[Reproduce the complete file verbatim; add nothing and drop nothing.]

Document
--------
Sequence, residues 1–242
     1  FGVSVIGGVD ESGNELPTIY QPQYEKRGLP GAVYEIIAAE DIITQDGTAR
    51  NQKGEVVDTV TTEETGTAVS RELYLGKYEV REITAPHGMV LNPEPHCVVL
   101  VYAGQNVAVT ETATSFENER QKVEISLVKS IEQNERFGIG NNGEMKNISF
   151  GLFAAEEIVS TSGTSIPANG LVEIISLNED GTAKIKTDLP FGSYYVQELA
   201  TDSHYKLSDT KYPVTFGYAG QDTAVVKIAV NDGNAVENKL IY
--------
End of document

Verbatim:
Sequence, residues 1–242
     1  FGVSVIGGVD ESGNELPTIY QPQYEKRGLP GAVYEIIAAE DIITQDGTAR
    51  NQKGEVVDTV TTEETGTAVS RELYLGKYEV REITAPHGMV LNPEPHCVVL
   101  VYAGQNVAVT ETATSFENER QKVEISLVKS IEQNERFGIG NNGEMKNISF
   151  GLFAAEEIVS TSGTSIPANG LVEIISLNED GTAKIKTDLP FGSYYVQELA
   201  TDSHYKLSDT KYPVTFGYAG QDTAVVKIAV NDGNAVENKL IY